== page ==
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Our holdings include hundreds of glass and film negatives/transparencies that we've scanned ourselves; in addition, many other photos on this site were extracted from reference images (high-resolution tiffs) in the Library of Congress research archive. (To query the database click here.) They are adjusted, restored and reworked by your webmaster in accordance with his aesthetic sensibilities before being downsized and turned into the jpegs you see here. All of these images (including "derivative works") are protected by copyright laws of the United States and other jurisdictions and may not be sold, reproduced or otherwise used for commercial purposes without permission.

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[REV 25-NOV-2014]

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Kong Chow Asylum: 1906

Kong Chow Asylum: 1906

"Pine Street below Kearney." Aftermath of the great San Francisco earthquake and fire of April 18, 1906. 8x10 inch dry plate glass negative. View full size.

On Shorpy:
Today's Top 5

Merchants Exchange

Auntjess - the big building with the wisp of smoke is the Merchants Exchange, restored after the earthquake and fire is still standing at 465 California Street. It was, like the Mills Building, designed by Willis Polk while at Burnham & Root.

Mills Building

Auntjess - the big building on the right is still standing. It is the 10-story Mills Building, designed by Burnham & Root of Chicago and built in 1891-1892. It survived the earthquake and fire and was rebuilt and enlarged by the succeesor firm of D. H. Burnham and Company in 1907-1908, under the supervision of Willis Polk. The Mills Building was built for Darius Ogden Mills, a Forty-Niner who became a California banking tycoon.

Smoke Plume

Histry2 - I was wondering about the wisp of smoke as well, especially as the building is clearly burnt out.

Maybe there was still a lone stoker, working away in the boiler room of the building, unaware that anything had happened outside!

Still standing?

Are either of the tall buildings still there, or any of the others in this picture?

Quick Clean Up

If the current passion for used brick would have been a trend in 1906, they could have had this all picked up quickly by advertising "rock bottom prices on used brick -all you can carry".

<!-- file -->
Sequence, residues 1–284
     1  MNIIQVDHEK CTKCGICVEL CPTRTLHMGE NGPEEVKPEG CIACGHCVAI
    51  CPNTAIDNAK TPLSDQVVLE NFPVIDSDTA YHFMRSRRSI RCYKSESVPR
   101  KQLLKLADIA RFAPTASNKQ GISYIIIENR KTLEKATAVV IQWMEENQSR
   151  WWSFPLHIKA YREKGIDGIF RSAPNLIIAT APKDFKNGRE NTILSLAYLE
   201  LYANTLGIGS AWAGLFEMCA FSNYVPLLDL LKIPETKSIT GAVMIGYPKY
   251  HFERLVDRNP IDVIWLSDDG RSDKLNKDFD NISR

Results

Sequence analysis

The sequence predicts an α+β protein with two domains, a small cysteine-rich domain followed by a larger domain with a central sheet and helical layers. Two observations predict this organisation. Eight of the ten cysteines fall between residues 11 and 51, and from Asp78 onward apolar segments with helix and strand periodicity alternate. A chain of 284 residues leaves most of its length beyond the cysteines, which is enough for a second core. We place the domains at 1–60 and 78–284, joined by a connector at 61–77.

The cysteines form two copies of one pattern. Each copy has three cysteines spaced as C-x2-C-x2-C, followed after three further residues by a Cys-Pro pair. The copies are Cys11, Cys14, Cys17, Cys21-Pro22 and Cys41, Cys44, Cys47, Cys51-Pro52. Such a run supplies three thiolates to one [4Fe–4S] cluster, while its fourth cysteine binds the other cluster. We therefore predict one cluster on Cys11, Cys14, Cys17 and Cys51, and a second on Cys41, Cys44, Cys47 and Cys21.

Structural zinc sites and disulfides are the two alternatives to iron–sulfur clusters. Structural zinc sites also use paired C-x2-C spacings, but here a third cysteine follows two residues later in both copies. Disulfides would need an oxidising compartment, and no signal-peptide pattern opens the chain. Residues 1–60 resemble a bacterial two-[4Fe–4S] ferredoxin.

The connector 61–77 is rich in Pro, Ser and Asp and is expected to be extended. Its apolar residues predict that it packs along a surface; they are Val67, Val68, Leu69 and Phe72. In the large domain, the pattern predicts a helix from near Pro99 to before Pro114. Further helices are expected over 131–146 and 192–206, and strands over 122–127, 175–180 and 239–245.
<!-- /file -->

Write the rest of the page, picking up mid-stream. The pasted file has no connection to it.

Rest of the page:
Awesome for real

It annoys me the way people throw this word around over a candy-bar or something. Now this is what awesome looks like; this is what awesome is.

Do Not

use the fire escape on the left.


Although not dated precisely, this photo must have been taken within a few days of the fires' being extinguished since the first thing that San Franciscans did after the disaster was to clear the streets.

You gotta wonder about the wisp of smoke coming from the chimney atop the high-rise on the background. (The Appraiser's Building?) Did the building's boiler room survive intact so that the heating system still worked? Or was someone burning trash in the basement? Or maybe it's residual smoke from the still-smoldering ruins making its way up the flues?


Standing alone for nearly 3 years against the scourge of Nazism, I think they are allowed to wear their hats.

[Weebitski is talking about the San Francisco earthquake photo.]

My apologies.

Kong Chow

Kong Chow Beneficial Society (Chinese). Incorporated September 24, 1867. Location of asylum was on north side of Pine street, between Kearny and Dupont [Grant]. Object was to dispense charity to poor and worthy Chinese.

Battle Of Britain

Looks like London after the Blitz.


The world comes to an end, but they still have their hats!
The etiquette of the day was such that to not have a hat was considered unusual.

SHORPY HISTORICAL PHOTO ARCHIVE | History in HD is a vintage photo archive featuring thousands of high-definition images from the 1850s to 1960s. (Available as fine-art prints from the Shorpy Archive.) The site is named after Shorpy Higginbotham, a teenage coal miner who lived 100 years ago.

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